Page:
Page:Notes and Queries - Series 9 - Volume 10.djvu/340

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NOTES AND QUERIES. [9* s. x. OCT. 25, 1902.

present, and that the hospitality of his treat- ment procured him a very pleasant evening. On 14 October, 1852, Woodin engaged for his performance the Marionette Theatre at the old Adelaide Gallery, which adjoined the Lowther Arcade, paying down 1001. as rent till Christmas, and passed seven hours with Blanchard making out his programme. He gave his opening night on the 23rd. This proved so successful that for years he gave a dinner to his friends to celebrate the event. More than that, it gave him courage to plunge into matrimony, and on 23 July, 1853, he married Miss Frances Susannah Sprague, in the presence of Blanchard and a few other friends. His wife predeceased him by a very few years. 1 do not know the exact date on which he hired the Polygraphic Hall, but I think it was in 1856. On 21 December, I860, he brought out the ' Cabinet of Curiosities,' which Blanchard had also written for him. I believe he retired from public life about 1866. His father, the old picture dealer, for some time lived at the house known as the Qld Palace at Bromley, which was pulled down by the London School Board in 1894. The panelling and fittings of the State Room, which is associated with King James I., may be seen at the Victoria and Albert Museum at South Kensington. The younger Woodin also lived for some time at the Manor House, Brunswick Road, Bow, an old eighteenth- century building, which he decorated with a large amount of old oak carving. Some of the ceilings he covered with paintings on canvas, executed by himself and his friend Telbin, the well-known scene-painter of Drury Lane Theatre. I believe the' present tenant of the house still preserves these relics.

Before giving up his entertainments en- tirely Woodin shared them with other per- formers. On 21 March, 1864, 'An Elopement Extraordinary,' by John Oxenford, and ' The Bachelor Box,' by Tom Robertson, were per- formed at the Polygraphic Hall. Woodin died on 1 January, 1888, Blanchard, who followed him not long after, writing his funeral elegy. Woodin was a good-natured fellow, but a little too full of himself and his performances. He was a tiabitut of the Arundel Club, where Byron is said to have made the joke recorded by the Editor. Here is one of Woodin's advertisements, 'tis forty years since :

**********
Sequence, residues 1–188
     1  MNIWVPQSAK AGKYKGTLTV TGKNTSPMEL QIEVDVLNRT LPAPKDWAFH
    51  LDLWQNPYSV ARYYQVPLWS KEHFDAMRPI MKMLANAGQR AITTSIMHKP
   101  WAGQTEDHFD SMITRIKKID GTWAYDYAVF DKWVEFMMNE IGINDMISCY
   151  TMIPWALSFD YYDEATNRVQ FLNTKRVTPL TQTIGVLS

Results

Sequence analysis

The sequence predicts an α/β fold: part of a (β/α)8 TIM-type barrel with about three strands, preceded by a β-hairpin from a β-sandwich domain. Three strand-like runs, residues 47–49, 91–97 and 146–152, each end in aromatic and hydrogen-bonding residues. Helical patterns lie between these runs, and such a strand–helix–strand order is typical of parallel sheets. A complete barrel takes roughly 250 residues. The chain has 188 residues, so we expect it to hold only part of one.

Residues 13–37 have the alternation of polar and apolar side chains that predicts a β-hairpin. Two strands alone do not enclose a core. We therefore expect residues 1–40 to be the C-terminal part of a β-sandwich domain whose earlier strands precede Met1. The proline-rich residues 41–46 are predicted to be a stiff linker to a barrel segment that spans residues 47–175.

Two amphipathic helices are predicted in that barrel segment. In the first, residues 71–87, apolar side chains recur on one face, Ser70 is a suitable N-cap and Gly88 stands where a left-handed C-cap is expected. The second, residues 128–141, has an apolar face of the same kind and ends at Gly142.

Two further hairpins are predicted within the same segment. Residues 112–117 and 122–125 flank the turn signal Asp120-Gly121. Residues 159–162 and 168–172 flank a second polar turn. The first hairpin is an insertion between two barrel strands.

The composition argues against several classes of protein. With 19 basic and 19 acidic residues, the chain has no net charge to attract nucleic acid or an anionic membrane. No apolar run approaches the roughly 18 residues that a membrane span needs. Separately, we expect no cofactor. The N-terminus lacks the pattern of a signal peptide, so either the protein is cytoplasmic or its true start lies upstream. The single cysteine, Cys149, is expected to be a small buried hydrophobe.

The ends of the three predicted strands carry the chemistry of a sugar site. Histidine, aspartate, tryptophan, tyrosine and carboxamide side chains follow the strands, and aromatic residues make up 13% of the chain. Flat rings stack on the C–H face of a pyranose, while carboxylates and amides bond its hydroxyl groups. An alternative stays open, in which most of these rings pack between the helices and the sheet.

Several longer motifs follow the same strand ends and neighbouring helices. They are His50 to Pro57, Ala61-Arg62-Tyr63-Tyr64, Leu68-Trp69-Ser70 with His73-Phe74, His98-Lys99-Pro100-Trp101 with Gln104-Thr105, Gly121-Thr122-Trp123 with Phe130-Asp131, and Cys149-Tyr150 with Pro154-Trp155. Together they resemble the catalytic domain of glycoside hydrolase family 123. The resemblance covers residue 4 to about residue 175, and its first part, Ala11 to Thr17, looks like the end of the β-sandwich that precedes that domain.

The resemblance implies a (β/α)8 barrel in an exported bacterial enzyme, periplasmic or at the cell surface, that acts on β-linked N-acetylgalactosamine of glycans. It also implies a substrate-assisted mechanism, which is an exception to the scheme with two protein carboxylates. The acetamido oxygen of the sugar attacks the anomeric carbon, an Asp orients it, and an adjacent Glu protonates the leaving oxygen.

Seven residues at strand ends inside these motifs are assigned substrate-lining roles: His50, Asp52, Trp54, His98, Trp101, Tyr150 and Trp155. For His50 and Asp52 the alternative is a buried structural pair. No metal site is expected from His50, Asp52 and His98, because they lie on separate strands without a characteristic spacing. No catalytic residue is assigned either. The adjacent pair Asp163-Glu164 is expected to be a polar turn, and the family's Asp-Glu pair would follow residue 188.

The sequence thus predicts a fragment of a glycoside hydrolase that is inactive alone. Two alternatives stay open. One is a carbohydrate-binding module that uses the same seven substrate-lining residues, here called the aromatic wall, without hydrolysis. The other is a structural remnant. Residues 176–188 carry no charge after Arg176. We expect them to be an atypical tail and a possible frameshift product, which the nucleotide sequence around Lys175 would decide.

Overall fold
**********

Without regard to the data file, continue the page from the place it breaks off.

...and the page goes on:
"Mr. W. S. Woodin's Cabinet of Curiosities (newly Polished and Re-lined) will be opened at the Polygraphic Hall, King William Street, Charing Cross, on Monday evening, May 12th [1862], forming an entirely original Characteristic Entertainment, with new music, songs, and dances. The Scenic illustrations and effects, entirely new, painted by

and under the direction of Mr. William Calcott, artist to Her Majesty's Theatre. Admission, Is. ; area, 2s. ; stalls (retained through the evening), 3s. Doors open at half -past 7, commence at 8. Carriages to be ordered at 10. First Morning Performance, Saturday, May 17. Doors open at half-past 2, com- mence at 3."


I recollect spending a most enjoyable evening at this hall witnessing Mr. W. S Woodin's 'Olio of Oddities ' at the time the Guards made their entry into London, soon after the conclusion of the Russian war.


THE DE LACI FAMILY TEMP. HENRY I. AND STEPHEN (9 th S. x. 21, 173). I am sincerely obliged to MR. A. S. ELLIS for his reply to my note on this subject. My object was, and is, not to find fault, or criticize, but to obtain light on a remote but interesting subject. I think, however, that I can tell MR. ELLIS " what writings the fourteenth - century chronicler of the Priory * [of Llanthony Prima] had before him " when he stated that " Hugh de Lacy died without issue and his heritage descended to two sisters," &c. He had the pages of Giraldus Cambrensis (q.v.\ wherein it is written, " Hugh de Laci died without issue, and his great inheritance de- volved on his two sisters: Emmeline, who had no children, and Emma, who took to husband

(lost), by whom she had a son Gilbert,

who assumea the name of De Laci."

As I have shown the first statement to be completely out of court, it tends to make me seriously doubt the second, namely, that Gilbert de Laci was a sister's son, and I shall hope some of these days to find from some " carta " or " confi rmatio " that Gilbert was the son of Hugh, just as I have found that Sibylla Fitz-John was his daughter. To make matters clear, I venture to give the pedigree thus :

Hugh de Lacy=^Adelina ?

(d. ?). I

Sybil=pPain Fitz-John.

Cecilia (d.

ecilia (d. 1203 ?). Agnes=p William de Monchensi.

Ralph. William. Hubert.

Sybil brought Painswick, or Wyke-Pagani,

to her husband. Cecilia married three times :

(1) Roger, Earl of Hereford, (2) William of

Poitou, (3) Walter of Maine, but left no issue.


  • It is curious that the Rolls Series miscalls it

an abbey. The confraternity there were always "canons."